More Than a Mom-Droid:Letting Children See Your Soul

It’s important to me that my kids realize I am a woman with depth and not just a Mom-droid. I do my best to remind them of my humanity by weaving stories of my childhood with their present-day preoccupations. I’ve told them how I once lived and dreamed all on my own in Chicago. They’ve seen me fall apart when I’ve had too many days without me time. Yet, there are days when I feel insignificant because they look at me and see an automaton with spending abilities, cooking skills and a driver’s license.

Conversely, I study their psyches and souls with intensity. I constantly puzzle over and decipher their emotions. I am invested in the well-being of my children. I believe in the power of meaningful parent/child relationships. I believe they are built on a mutual honoring of our spirits and steadfast championing rather than schedule maintenance, homework policing and suburban schlepping.

Moms Are People Too

Moms are women in the midst of self-actualizing. It is incredible easy to become immersed in the lives of our children. Moms disappear every day.  It doesn’t have to be that way.

How to Show Your Soul

Chase your calling:  Don’t be afraid to say your dreams out loud. It’s a lesson in self-care for them to see you creating space for your beloved activities. Let them catch you investing blood, sweat and tears in something you can’t not do.  I’m not suggesting neglect.  I’m suggesting living with a  bright and full heart in front of your kids.  Share a sense of autonomy and fulfillment with your children.

Express Awe: It’s healthy for children to hear you sigh over something that takes your breath away. Let them in on your moments of grace, flow, heaven. Spend slow un-rushed time in nature. Tell them at bedtime what made you light up that day.  Don’t feel compelled to say something they did. You are a separate being.

Comfort your children but move them spiritually as well. Show them awe, curiosity and wonder.

Tell Stories: Nothing creates solidarity and empathy like personal stories.  My kids love hearing about how (poorly) I handled peer pressure as a girl in school. How my first kiss came to be.  What I did at my grandparents’ house in the summer.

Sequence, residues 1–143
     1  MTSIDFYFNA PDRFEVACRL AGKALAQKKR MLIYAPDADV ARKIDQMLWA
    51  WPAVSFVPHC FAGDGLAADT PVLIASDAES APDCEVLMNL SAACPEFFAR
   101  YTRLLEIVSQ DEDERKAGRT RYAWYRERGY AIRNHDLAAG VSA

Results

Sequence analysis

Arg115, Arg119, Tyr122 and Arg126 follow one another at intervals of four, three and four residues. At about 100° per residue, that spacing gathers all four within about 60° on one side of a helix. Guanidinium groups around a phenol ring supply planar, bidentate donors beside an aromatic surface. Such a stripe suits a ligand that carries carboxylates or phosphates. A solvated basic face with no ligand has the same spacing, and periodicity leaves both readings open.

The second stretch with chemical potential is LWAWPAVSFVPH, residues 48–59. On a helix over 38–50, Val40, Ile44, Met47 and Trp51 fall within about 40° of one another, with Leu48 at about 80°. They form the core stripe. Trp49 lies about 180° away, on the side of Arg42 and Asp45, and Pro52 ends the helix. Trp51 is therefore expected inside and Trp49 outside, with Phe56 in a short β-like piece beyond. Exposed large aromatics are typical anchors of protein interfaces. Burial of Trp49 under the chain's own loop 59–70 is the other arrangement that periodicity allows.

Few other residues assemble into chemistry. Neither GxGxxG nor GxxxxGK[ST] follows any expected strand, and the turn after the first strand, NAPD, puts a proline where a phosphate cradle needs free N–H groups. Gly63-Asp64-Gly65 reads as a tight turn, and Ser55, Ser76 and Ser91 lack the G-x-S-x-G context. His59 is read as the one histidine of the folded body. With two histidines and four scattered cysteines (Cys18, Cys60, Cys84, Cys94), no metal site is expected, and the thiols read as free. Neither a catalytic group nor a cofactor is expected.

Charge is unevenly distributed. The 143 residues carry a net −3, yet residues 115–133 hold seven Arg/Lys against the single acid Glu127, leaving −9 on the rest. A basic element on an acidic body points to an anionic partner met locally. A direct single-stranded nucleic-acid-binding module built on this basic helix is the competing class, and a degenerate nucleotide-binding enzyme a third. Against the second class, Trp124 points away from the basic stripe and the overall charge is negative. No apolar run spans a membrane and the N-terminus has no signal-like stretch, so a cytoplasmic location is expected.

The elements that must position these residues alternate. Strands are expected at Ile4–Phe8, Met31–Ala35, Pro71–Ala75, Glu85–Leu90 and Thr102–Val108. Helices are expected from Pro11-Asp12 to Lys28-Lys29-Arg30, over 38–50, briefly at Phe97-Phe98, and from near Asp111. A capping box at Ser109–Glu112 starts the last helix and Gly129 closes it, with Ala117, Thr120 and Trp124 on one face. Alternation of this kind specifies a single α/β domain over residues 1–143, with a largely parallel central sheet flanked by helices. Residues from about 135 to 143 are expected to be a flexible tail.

I read blog posts from other writers to my children if they move me and I feel their stories are compelling and offer a worthwhile message. Some of their themes- Be different, not better. Creating because you love the work, not the result. Failing is part of success. Sometimes the kids’ attention drifts, and that’s OK.  I know I am asking for grown-up concentration.  I also know seeds planted, bloom later.

Be Vulnerable: It’s true kids need structure and a sense that they can depend on you, but an efficient machine is hard to warm up to.  Let down your guard. Admit mistakes.  A friend’s therapist told her that people with perfect parents are the ones she worries about the most.  They will never be able to live up to those standards. I lean toward the fallible side. My kids have seen me nervous, anxious, embarrassed and at the end of my rope. I am not proud of this.  Like most people, I’d rather present myself as strong and capable but my soft center oozes out occasionally.

Benefits of Being Soulful

Empathy: In Born for Love, neuroscientist and child psychiatrist, Bruce Perry, argues that fostering empathy can combat the negative influences of modern life.  We have learned to close ourselves off from the world with technology and busy-ness.   Spending time with open hearts and minds can re-generate bonds that enhance resonance, universal meaning, love.